|Publication number||US4574630 A|
|Application number||US 06/578,249|
|Publication date||Mar 11, 1986|
|Filing date||Feb 8, 1984|
|Priority date||Mar 4, 1983|
|Also published as||DE3307665A1, DE3307665C2, EP0117977A1, EP0117977B1|
|Publication number||06578249, 578249, US 4574630 A, US 4574630A, US-A-4574630, US4574630 A, US4574630A|
|Inventors||Friedrich Icking, Friedrich Stolte|
|Original Assignee||Westfalia Separator Ag|
|Export Citation||BiBTeX, EndNote, RefMan|
|Patent Citations (4), Referenced by (5), Classifications (14), Legal Events (5)|
|External Links: USPTO, USPTO Assignment, Espacenet|
The present invention relates to a sampler for a milking-system volumeter that can measure fractional volumes and that has both a partial-vacuumized separation chamber with an outlet that can be closed off by means of a valve piston and a measuring chamber.
A milking-system volumeter of this type is known from German OS No. 3 103 669. In this volumeter, the milk flows into a partial-vacuumized collection line when the outlet is open. One disadvantage of this volumeter is that no samples can be obtained.
The main object of the present invention is to provide a sampler for a milking-system volumeter of the aforesaid type, wherein the sampler does not cause fluctuations in the partial vacuum, the volumeter's measurement of fractional volumes is not affected, and the sample, obtained in a collecting vessel, consists of a number of fractional volumes that equal in number to the number of fractional measurements carried out in the volumeter.
This object is attained in accordance with the present invention by means of a sampler wherein the valve piston associated with the outlet has a nozzle bore that opens into the separation chamber and is followed by a nozzle channel with a runoff opening at the end facing away from the nozzle bore that is closed when the valve piston is closed and opens into a line leading to the sampler's milk-collecting space when the valve piston is open.
Since a fraction of the volume of milk flowing out of the collecting line is always removed when the outlet from the milk volumeter is open, the milk that arrives in the milk-collecting space of the sampler in accordance with the invention will always consist of fractions obtained at different intervals during milking.
The milk obtained during the first milking interval always contains much less fat than that obtained during the last interval.
The sampler in accordance with the invention ensures that a fraction corresponding to the size of the portion is obtained from each portion when a volume of milk is measured in portions. Since the size of the portion is determined by how long an emptying valve is left open, a proportionate amount of the volume of milk emptied is obtained in the form of a collective sample during emptying.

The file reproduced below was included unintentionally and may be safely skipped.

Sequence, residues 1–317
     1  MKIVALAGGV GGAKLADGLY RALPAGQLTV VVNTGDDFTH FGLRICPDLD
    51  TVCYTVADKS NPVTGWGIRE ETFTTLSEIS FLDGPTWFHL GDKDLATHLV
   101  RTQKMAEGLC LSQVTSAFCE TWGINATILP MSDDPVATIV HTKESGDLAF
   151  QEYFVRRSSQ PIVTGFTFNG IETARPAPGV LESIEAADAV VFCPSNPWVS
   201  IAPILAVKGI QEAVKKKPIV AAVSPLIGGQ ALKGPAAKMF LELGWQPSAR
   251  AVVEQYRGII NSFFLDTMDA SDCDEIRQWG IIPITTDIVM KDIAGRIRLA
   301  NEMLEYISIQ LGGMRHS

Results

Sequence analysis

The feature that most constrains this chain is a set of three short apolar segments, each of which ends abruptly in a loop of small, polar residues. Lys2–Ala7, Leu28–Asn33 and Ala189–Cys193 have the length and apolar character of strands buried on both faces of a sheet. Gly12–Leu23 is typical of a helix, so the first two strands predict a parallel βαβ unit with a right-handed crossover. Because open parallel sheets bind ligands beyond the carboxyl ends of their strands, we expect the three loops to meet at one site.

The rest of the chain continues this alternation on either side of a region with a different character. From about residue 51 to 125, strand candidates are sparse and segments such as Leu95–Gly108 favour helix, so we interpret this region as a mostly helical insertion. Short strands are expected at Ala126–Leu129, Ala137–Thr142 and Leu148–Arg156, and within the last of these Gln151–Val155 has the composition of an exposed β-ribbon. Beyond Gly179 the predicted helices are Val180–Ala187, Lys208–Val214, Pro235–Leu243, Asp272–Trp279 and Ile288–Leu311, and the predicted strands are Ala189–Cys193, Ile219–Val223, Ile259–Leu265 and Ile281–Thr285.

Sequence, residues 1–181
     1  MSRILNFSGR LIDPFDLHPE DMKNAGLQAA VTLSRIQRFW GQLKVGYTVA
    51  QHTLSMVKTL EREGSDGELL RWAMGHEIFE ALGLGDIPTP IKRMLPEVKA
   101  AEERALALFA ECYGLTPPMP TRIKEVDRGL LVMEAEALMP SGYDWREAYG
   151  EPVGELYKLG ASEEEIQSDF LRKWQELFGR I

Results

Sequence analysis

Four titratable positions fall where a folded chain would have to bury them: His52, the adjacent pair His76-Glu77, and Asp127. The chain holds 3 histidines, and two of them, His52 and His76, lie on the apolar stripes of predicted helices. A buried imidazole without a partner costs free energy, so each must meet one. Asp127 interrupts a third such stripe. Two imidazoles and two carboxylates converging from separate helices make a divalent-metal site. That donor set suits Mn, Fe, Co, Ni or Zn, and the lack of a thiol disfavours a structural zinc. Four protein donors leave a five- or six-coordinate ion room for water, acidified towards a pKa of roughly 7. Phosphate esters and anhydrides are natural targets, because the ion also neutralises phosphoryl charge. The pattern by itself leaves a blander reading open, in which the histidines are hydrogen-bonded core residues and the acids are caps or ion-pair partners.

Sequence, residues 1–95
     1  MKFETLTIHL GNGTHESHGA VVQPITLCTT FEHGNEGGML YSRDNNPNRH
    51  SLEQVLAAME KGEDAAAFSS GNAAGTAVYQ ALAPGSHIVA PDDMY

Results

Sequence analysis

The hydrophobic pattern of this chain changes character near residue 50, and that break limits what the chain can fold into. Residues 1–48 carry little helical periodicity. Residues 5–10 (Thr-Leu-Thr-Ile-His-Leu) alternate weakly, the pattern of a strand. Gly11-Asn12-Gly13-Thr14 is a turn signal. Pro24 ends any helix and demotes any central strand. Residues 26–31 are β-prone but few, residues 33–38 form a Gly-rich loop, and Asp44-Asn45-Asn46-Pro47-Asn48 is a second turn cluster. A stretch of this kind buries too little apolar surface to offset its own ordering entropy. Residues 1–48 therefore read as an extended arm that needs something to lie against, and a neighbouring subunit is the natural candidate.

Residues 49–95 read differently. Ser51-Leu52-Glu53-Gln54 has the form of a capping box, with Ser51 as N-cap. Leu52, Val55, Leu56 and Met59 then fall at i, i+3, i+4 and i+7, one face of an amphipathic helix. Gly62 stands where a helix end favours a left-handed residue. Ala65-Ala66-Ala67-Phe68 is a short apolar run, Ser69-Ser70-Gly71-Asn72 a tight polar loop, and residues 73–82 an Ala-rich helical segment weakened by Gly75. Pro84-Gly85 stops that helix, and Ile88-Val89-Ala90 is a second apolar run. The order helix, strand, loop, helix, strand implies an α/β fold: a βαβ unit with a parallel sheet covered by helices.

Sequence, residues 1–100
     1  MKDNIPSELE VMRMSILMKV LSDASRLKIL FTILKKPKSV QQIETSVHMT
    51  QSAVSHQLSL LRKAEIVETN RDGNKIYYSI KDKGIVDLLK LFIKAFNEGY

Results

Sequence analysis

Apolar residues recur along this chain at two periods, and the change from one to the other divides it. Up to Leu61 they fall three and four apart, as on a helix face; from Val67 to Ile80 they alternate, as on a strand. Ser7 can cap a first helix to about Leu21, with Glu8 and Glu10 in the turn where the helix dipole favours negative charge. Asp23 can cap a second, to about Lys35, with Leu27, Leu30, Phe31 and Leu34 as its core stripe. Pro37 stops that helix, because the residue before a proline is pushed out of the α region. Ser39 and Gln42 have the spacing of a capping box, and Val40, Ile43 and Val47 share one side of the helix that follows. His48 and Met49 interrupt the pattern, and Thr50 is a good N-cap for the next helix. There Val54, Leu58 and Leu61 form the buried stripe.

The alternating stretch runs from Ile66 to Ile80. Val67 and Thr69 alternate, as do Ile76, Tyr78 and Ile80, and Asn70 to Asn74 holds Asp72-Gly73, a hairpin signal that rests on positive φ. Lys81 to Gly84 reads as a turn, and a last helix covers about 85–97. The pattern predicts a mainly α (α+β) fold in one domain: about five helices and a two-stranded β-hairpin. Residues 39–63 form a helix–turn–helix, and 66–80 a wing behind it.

The milk in the milk-collecting space of the sampler must be mixed before it is poured into the sample bottles so that the constituents will be uniformly distributed.
Since only a small volume of milk, 20 cm3 for example, is needed for the actual testing, the excess amount in the milk-collecting space can easily be conveyed to be added to the milk already in the refrigerating tank.
In one practical embodiment of the sampler in accordance with the invention the vessel with the milk-collecting space has a stationary top on which a bottom that constitutes the lid of the vessel is mounted in such a way that it can be rotated. The top has two connections and at least one control bore and the bottom has at least two channels that can be aligned into a milking position with the connections. The bottom can be rotated in relation to the top to initiate the various operations--sampling, mixing the milk in the sampler's milk-collecting space, pumping the excess milk not needed for testing out of the collecting space, and emptying the space.
Some preferred embodiments of the invention will now be described with reference to the attached drawings, wherein
FIG. 1 is a partial vertical section of a sampler suspended on a milk volumeter with its outlet closed,
FIG. 2 is a view as in FIG. 1 but with the outlet open,
FIG. 3 is a top view of the top of the vessel that constitutes the milk-collecting space,
FIG. 4 is a section along the line A-B in FIG. 3,
FIG. 5 is a top view of the bottom that constitutes the lid of the vessel,
FIG. 6 is a section along the line C-D in FIG. 5, and
FIGS. 7-10 are top views of various operating positions of the top and of the bottom that rotates relative to it.
The milk volumeter 1 illustrated in FIGS. 1 and has a partial-vacuumized separation chamber 2 to which the mixture of milk and air obtained during milking is conveyed. The milk flows from separation chamber 2 into a measuring chamber in which fractional measurements are conducted. Milk volumeter 1 has an outlet 3 that can be closed off by a valve piston 4. The piston in the embodiment illustrated is fastened to a diaphragm 6 that is tensioned within a valve housing 5. Diaphragm 6 demarcates the inside of a control compartment 7 that can be subjected to air of atmospheric pressure or to a partial vacuum through a connection 8. Outlet 3 can be opened and closed with electronic controls connected to sensors positioned at intervals inside the measuring chamber.
Valve piston 4 has a nozzle bore 9 that opens into separation chamber 2 and is followed by a nozzle channel 10. Channel 10 has a runoff opening 11 at the end facing away from the nozzle bore. Opening 11 is closed when valve piston 4 is closed. When piston 4 is open as illustrated in FIG. 2, opening 11 opens into a partial-vacuumized valve chamber 12 Valve piston 4 is, in the embodiment illustrated, mounted so that it can slide inside a bushing 13 that has a guide slot 14 engaged by a cam 15 on valve piston 4 to prevent the piston from rotating in relation to the bushing. The end of bushing 13 that faces away from separation chamber 2 has a slot 16. The runoff opening 11 in nozzle channel 10 is in the vicinity of slot 16 when valve piston 4 is open.
Valve piston 4 has a terminal cap 17 that blocks off the rear-face opening in nozzle channel 10. Terminal cap 17 is fastened to diaphragm 6.